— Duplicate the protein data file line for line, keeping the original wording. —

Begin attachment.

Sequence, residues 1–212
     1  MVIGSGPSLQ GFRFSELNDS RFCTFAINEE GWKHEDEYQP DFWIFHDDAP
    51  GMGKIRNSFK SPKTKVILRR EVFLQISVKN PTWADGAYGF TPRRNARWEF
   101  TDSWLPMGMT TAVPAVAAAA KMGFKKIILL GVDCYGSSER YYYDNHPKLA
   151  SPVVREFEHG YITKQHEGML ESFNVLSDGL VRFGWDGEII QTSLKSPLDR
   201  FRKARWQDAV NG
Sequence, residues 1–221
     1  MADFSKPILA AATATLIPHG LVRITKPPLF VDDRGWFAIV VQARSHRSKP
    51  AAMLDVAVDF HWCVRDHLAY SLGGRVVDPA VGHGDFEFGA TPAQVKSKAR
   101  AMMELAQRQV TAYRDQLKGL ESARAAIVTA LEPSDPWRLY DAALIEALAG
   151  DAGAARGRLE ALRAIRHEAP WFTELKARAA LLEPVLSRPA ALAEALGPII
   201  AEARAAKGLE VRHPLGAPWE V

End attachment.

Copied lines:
Sequence, residues 1–212
     1  MVIGSGPSLQ GFRFSELNDS RFCTFAINEE GWKHEDEYQP DFWIFHDDAP
    51  GMGKIRNSFK SPKTKVILRR EVFLQISVKN PTWADGAYGF TPRRNARWEF
   101  TDSWLPMGMT TAVPAVAAAA KMGFKKIILL GVDCYGSSER YYYDNHPKLA
   151  SPVVREFEHG YITKQHEGML ESFNVLSDGL VRFGWDGEII QTSLKSPLDR
   201  FRKARWQDAV NG
Sequence, residues 1–221
     1  MADFSKPILA AATATLIPHG LVRITKPPLF VDDRGWFAIV VQARSHRSKP
    51  AAMLDVAVDF HWCVRDHLAY SLGGRVVDPA VGHGDFEFGA TPAQVKSKAR
   101  AMMELAQRQV TAYRDQLKGL ESARAAIVTA LEPSDPWRLY DAALIEALAG
   151  DAGAARGRLE ALRAIRHEAP WFTELKARAA LLEPVLSRPA ALAEALGPII
   201  AEARAAKGLE VRHPLGAPWE V